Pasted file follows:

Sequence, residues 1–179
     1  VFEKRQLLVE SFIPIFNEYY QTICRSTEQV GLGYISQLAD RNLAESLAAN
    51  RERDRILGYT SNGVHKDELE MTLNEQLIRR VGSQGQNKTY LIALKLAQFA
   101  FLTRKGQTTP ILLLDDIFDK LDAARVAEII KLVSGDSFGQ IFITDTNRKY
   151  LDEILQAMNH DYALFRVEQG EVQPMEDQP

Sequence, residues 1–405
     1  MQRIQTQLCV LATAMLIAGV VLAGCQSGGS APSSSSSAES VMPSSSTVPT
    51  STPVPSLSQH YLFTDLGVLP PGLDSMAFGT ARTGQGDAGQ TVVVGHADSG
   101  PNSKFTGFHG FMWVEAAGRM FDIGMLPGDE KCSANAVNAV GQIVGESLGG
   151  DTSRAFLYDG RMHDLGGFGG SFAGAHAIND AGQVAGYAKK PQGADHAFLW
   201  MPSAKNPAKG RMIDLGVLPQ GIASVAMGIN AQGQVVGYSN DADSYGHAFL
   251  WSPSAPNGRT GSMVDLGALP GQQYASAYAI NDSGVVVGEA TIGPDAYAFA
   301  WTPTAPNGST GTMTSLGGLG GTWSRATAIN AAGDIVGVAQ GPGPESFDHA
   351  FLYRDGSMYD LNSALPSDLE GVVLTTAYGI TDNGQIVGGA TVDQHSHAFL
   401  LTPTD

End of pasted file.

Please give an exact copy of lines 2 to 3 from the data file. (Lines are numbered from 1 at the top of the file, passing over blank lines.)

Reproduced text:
     1  VFEKRQLLVE SFIPIFNEYY QTICRSTEQV GLGYISQLAD RNLAESLAAN
    51  RERDRILGYT SNGVHKDELE MTLNEQLIRR VGSQGQNKTY LIALKLAQFA